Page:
158 <riel> I will now go on to (page 21) and talk about drop-behind
 159 <riel> most of you have probably heard about read-ahead
 160 <riel> where the system tries to read in data from a file *before* the program which uses the file needs it
 161 <riel> this sounds difficult, but if the program is just reading the file from beginning to end it is quite simple ...
 162 <riel> one problem is that this linear read will quickly fill up all memory if it is very fast
 163 <riel> and you do not want that, because you also have other things you want to do with your memory
 164 <riel> the solution is to put all the pages _behind_ where the program has been reading on the list of pages we will swap out next  (the inactive list)
 165 <riel> so in front of where the program is now, you read in all the data the program needs next  (very friendly for the program)
 166 <riel> and in exchange for that, you remove the data the program will probably not need any more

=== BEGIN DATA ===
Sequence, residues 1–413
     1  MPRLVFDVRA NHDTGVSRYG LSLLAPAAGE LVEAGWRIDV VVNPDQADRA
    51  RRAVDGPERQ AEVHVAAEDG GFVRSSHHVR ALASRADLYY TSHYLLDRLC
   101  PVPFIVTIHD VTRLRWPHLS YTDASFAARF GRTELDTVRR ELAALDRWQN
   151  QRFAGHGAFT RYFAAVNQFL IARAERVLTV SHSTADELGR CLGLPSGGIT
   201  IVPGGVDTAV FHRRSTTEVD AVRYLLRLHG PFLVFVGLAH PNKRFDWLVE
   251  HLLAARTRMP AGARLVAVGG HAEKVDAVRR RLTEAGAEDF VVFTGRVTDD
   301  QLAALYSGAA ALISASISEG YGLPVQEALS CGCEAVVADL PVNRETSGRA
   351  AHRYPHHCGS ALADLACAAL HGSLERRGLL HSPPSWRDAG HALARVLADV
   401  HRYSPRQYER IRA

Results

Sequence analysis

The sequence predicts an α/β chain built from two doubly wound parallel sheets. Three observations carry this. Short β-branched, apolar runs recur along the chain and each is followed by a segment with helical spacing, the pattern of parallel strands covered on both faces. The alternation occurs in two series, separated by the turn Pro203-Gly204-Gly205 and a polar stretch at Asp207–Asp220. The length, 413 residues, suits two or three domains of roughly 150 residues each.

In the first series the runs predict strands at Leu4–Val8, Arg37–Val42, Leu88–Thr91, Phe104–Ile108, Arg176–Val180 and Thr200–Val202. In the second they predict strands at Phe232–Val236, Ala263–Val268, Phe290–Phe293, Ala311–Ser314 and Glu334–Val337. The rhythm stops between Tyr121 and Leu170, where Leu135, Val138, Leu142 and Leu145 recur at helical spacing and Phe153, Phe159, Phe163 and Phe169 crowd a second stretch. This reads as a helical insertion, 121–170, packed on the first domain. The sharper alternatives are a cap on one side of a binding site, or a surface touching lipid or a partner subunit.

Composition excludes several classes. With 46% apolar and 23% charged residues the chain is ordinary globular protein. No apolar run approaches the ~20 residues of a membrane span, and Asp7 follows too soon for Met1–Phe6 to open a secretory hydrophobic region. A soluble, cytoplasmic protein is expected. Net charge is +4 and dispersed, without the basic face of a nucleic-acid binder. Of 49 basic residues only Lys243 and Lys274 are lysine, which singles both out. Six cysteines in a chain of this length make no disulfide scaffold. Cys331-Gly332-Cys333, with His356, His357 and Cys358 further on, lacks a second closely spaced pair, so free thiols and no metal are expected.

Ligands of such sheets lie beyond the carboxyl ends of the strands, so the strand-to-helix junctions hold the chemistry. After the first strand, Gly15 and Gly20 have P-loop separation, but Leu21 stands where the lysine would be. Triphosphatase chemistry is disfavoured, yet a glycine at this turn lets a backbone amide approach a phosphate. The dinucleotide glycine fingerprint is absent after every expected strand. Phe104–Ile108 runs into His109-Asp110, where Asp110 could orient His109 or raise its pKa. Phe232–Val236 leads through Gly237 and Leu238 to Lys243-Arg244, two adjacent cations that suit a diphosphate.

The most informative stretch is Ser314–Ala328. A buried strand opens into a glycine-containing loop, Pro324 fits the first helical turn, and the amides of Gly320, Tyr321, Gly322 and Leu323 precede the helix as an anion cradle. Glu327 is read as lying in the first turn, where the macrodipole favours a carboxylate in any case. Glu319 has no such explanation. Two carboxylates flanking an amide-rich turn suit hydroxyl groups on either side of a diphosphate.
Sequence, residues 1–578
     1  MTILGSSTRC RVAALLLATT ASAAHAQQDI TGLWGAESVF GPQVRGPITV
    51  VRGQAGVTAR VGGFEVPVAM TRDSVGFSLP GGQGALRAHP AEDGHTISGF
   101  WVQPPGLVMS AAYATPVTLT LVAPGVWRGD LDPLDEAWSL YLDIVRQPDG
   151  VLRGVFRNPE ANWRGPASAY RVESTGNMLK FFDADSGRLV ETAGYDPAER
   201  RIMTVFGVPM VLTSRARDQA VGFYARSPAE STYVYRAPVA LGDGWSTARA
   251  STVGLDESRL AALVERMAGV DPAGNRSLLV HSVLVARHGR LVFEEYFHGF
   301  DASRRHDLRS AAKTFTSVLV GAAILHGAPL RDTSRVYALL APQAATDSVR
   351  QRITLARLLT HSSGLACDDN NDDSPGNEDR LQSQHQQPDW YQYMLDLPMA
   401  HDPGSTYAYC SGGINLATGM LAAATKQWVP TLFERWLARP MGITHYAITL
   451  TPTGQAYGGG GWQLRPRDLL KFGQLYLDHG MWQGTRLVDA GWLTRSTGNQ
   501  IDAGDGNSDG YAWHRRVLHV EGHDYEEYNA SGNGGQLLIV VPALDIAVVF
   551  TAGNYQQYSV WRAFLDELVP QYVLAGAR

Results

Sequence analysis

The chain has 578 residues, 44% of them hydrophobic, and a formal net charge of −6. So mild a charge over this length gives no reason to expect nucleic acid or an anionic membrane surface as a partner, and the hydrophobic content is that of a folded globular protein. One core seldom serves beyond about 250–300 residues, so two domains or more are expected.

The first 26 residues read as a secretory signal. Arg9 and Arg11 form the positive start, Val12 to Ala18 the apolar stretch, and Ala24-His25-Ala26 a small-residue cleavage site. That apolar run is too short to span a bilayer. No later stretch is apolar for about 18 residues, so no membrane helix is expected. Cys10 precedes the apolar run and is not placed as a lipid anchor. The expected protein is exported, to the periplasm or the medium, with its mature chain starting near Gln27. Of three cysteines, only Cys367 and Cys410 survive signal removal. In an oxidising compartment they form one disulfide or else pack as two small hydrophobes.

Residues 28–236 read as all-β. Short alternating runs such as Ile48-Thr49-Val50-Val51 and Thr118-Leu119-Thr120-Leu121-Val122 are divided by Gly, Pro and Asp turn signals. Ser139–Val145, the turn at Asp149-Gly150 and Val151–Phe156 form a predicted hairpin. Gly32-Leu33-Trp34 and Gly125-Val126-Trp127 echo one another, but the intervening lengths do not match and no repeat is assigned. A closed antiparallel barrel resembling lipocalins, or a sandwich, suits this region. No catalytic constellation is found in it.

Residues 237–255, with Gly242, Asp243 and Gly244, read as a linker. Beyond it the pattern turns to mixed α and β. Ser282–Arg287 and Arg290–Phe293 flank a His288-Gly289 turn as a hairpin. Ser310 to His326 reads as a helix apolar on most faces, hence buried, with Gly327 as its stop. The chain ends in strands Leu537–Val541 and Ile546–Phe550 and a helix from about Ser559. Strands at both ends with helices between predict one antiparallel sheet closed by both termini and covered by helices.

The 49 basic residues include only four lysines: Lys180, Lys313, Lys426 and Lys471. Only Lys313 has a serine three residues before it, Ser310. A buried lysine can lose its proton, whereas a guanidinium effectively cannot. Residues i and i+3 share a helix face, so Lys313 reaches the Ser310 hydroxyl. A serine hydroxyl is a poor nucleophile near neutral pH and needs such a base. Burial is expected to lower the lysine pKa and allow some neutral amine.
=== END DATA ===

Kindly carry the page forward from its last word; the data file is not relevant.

167 <riel> of course you can make mistakes here, but if you get it right 90% of the time it is still good for performance ...  you do not need to be perfect
 168 <riel> ... from the part about hard disks, I will skip almost everything
 169 <riel> ... only (page 23) I will discuss today
 170 <riel> as you probably know, hard disks are really strange devices
 171 <riel> they consist of a bunch of metal (or glass) plates with a magnetic coating on them which spin around at rediculously high speeds
 172 <riel> and there is a read-write arm which can seek across the disk at very low speeds
 173 <riel> the consequences of this design are that hard disks have a high throughput ... 20 MB/second is quite normal today
 174 <riel> this is fast enough to keep a modern CPU busy
 175 <riel> on the other hand, if you need some piece of data, your CPU will have to wait for 5 _million_ CPU cycles
 176 <riel> so hard disks are MUCH too slow if you're not reading the disk from beginning to end
 177 <riel> this means that so called "linear reads" are very fast